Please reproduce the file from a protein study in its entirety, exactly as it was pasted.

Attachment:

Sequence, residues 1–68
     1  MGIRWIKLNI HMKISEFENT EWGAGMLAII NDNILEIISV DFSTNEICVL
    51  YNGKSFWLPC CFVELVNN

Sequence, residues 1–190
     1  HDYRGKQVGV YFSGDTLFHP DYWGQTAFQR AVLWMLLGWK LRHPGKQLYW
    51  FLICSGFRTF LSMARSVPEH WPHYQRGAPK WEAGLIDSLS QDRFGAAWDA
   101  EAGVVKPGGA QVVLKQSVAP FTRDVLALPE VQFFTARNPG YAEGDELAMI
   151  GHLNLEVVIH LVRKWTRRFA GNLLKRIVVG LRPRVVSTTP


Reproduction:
Sequence, residues 1–68
     1  MGIRWIKLNI HMKISEFENT EWGAGMLAII NDNILEIISV DFSTNEICVL
    51  YNGKSFWLPC CFVELVNN

Sequence, residues 1–190
     1  HDYRGKQVGV YFSGDTLFHP DYWGQTAFQR AVLWMLLGWK LRHPGKQLYW
    51  FLICSGFRTF LSMARSVPEH WPHYQRGAPK WEAGLIDSLS QDRFGAAWDA
   101  EAGVVKPGGA QVVLKQSVAP FTRDVLALPE VQFFTARNPG YAEGDELAMI
   151  GHLNLEVVIH LVRKWTRRFA GNLLKRIVVG LRPRVVSTTP